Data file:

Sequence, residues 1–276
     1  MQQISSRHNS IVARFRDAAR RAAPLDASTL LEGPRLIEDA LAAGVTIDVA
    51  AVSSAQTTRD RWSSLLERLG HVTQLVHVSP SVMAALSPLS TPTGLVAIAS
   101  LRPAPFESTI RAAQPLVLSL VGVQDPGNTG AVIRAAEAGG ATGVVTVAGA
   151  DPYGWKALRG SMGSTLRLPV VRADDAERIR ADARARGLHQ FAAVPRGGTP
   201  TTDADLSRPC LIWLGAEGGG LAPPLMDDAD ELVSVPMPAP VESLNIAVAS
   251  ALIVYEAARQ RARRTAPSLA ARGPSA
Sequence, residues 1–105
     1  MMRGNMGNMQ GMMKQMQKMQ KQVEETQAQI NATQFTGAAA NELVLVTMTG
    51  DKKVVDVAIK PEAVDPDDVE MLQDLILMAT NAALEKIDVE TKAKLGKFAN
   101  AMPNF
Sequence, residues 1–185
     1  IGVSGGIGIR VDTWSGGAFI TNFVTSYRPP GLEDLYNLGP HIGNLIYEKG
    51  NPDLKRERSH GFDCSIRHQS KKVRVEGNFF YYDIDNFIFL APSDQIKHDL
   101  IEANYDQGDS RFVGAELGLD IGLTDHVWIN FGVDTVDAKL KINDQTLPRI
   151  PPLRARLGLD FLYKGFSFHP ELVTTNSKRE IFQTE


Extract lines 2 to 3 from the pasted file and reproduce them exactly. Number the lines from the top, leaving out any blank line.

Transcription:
     1  MQQISSRHNS IVARFRDAAR RAAPLDASTL LEGPRLIEDA LAAGVTIDVA
    51  AVSSAQTTRD RWSSLLERLG HVTQLVHVSP SVMAALSPLS TPTGLVAIAS